becoming stephen fry | OUTVisions for LGBT Professionals

becoming stephen fry

the fry chronicles

becoming stephen fry
alex johnston

Second memoir from Brit comedian offers many charms 

I certainly hope you are already familiar with Stephen Fry, the affable English writer, actor, comedian, tech geek, and general polymath. But even if you are not, The Fry Chronicles, second in his ongoing series of memoirs, offers many charms. The Fry Chronicles picks up where 1997’s Moab is My Washpot left off, with the author at age 20. He has left his troubled past behind him, largely come to terms with his homosexuality, and found his way to Cambridge.

The meat of the book is a series of reminisces and anecdotes from the period between 1977 and 1987: his years at Cambridge and the beginning of his career. The style is just the breezy, erudite and intensely conversational one that you would expect of Fry. The stories are pleasant in an Anglophiliac escapist kind of way, and even more fun if you are a fan of English comic actors. The legendary partnership between Fry and Hugh Laurie (of TV’s House) is born early, during the Cambridge years – at about the same time we meet a young Emma Thompson. Once out into the ‘grown up’ world of professional work, there are stories about Ben Elton, Rik Mayal, Rowan Atkinson and many others.

But of course pleasant anecdotes only take you so far – if the spine of fiction is plot, then the spine of the memoir must surely be the author’s personal journey. The spine of The Fry Chronicles then, is Fry’s reflections on the desires and insecurities that have propelled him through his life: from the over-arching desire for acceptance and respect, to various obsessions with gadgets, sugar and cigarettes. This internal struggle is often held up against the back drop of other’s (friends, colleagues, fans) contrasting perception of him.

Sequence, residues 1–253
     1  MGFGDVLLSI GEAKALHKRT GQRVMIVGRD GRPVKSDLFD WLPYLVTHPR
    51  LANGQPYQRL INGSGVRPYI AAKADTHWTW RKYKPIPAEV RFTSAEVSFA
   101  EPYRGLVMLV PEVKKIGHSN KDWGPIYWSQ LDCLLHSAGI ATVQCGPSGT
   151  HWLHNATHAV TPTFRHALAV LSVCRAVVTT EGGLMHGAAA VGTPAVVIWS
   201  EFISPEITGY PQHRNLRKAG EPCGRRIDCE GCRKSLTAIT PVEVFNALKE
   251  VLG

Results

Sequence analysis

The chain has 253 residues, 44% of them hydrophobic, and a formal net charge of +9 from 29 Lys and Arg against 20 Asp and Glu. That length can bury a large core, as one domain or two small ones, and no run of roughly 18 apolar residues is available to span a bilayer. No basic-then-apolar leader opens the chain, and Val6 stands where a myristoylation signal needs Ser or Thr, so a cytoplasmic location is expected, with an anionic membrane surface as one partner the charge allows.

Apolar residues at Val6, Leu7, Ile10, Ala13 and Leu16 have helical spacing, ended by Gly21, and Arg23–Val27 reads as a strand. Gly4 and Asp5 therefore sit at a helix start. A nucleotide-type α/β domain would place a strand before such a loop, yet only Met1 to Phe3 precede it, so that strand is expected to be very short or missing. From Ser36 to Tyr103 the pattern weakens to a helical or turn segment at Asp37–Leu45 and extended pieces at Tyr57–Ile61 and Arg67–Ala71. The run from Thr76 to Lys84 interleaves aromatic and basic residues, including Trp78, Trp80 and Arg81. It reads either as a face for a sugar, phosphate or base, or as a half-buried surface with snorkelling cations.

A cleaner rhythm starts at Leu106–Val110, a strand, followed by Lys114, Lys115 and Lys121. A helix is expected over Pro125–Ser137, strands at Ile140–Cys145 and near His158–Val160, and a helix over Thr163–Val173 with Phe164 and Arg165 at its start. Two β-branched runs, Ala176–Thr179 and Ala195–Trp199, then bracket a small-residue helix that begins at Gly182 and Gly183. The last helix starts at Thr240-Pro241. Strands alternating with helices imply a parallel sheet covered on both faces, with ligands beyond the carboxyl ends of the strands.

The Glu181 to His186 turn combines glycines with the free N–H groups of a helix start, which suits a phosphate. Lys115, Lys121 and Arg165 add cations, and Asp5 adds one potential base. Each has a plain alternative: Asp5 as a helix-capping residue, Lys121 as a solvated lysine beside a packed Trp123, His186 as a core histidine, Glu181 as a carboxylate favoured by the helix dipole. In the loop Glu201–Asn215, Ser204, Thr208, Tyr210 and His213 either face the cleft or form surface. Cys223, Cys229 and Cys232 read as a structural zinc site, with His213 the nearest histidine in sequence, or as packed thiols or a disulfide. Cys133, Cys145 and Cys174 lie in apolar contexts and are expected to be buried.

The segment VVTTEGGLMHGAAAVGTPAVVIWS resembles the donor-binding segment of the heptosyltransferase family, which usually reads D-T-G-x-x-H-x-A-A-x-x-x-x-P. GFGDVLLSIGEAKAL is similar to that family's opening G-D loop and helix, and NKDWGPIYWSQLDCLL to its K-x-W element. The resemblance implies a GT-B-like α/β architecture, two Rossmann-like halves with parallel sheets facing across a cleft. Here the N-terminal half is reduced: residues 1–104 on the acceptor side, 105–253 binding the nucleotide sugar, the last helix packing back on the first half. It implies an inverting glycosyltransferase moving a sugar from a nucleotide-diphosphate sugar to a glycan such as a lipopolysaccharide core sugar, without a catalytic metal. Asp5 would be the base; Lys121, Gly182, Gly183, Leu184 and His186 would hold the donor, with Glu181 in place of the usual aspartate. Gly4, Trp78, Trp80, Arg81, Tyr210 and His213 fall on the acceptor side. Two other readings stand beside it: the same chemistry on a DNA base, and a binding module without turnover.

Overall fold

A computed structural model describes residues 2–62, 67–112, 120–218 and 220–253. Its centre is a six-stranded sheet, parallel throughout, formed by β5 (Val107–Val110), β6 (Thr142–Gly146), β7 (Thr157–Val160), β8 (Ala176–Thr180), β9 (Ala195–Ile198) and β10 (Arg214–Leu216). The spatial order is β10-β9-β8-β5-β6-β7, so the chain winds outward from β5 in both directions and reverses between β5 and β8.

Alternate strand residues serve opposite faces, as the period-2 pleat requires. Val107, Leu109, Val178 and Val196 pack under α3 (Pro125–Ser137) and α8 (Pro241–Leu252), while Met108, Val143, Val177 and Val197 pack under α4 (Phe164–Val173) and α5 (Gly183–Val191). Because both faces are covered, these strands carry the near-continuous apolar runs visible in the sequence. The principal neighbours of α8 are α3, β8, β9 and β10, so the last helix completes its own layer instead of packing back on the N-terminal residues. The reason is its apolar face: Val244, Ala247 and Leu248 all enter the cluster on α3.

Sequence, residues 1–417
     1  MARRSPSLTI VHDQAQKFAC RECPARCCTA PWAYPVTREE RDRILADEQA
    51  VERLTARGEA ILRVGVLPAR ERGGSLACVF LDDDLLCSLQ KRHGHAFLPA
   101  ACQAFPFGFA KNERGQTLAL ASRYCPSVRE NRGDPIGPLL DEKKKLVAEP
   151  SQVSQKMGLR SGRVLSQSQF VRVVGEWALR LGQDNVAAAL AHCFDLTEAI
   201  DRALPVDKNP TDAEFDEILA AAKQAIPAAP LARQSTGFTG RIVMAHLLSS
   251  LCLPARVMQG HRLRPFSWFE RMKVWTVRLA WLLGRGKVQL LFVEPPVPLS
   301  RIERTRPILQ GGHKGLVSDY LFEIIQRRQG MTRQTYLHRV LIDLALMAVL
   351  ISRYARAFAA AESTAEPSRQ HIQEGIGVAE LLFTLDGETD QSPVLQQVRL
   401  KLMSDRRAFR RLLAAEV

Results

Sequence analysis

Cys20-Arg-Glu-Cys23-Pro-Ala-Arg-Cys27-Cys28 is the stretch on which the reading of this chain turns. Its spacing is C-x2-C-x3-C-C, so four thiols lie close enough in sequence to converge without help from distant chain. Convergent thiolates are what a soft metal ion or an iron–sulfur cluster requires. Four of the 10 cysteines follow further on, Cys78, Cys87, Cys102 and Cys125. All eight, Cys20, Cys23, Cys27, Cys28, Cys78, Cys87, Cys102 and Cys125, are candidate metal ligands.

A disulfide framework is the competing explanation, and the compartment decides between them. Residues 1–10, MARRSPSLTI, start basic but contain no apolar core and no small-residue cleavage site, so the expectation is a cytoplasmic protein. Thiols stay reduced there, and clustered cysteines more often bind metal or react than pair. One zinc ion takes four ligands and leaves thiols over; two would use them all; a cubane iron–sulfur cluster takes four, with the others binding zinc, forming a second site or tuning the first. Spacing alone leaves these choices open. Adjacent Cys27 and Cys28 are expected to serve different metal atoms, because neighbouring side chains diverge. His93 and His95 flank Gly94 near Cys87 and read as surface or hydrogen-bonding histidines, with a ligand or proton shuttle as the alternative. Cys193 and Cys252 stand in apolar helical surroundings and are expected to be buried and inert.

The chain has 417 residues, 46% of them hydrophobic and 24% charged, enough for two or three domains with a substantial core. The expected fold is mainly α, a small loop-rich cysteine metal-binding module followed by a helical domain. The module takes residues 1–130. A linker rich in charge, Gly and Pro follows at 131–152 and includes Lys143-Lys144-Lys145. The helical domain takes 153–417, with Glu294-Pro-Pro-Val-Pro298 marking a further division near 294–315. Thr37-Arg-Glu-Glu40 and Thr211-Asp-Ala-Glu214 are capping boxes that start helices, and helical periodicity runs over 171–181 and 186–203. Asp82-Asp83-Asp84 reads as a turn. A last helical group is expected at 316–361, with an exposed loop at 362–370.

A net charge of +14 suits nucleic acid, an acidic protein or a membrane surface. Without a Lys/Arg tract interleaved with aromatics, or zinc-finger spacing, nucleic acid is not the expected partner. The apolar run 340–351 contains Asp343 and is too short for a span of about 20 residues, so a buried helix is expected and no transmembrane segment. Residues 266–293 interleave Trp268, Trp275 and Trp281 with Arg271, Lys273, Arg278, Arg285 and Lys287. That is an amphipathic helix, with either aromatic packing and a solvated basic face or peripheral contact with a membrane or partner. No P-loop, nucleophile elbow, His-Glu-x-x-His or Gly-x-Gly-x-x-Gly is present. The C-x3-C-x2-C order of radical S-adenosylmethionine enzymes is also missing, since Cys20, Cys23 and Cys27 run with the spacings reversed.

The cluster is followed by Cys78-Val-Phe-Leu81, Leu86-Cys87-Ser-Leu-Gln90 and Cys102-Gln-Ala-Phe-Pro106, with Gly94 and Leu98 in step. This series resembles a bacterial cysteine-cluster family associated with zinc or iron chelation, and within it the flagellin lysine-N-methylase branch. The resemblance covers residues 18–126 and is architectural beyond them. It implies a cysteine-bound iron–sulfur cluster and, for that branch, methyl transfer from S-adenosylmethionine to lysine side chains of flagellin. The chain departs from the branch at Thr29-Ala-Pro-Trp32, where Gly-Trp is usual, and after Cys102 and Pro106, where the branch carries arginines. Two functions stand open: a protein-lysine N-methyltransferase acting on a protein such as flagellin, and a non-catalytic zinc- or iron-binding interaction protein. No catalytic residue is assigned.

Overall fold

Several times in the book he hits a ‘sweet spot’, balancing unflinchingly honest commentary on the highs and lows these desires and their attendant insecurities have brought him to, with thoughtful commentary on the way we as a culture approach such desires and insecurities, and with well realized stories of the decision points in his life that were influenced by these desires and insecurities. When it works, it is compelling reading; honest enough to resonate, and thoughtful (and dare I say ‘classy’?) enough to be engaging without needing to be lurid. However, like all balancing acts, this is a hard one to maintain and I must admit, around the middle passage of his Cambridge life, and again somewhere in the mid-‘80s, we almost  completely lose site of this narrative and wander off into a kind of dinner-party-anecdote-style storytelling. But Fry is a good enough writer to navigate back from these  blind alleys, and eventually brings the story of his twenties to a satisfying and intriguing conclusion. Surely the hint of more serious addiction and struggles with mental illness that were to mar Fry’s life in his 30s (and presumably form the core of his next memoir) is just about as close to a ‘cliffhanger ending’ as one can reasonably expect in an autobiography.




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Authoralex johnston

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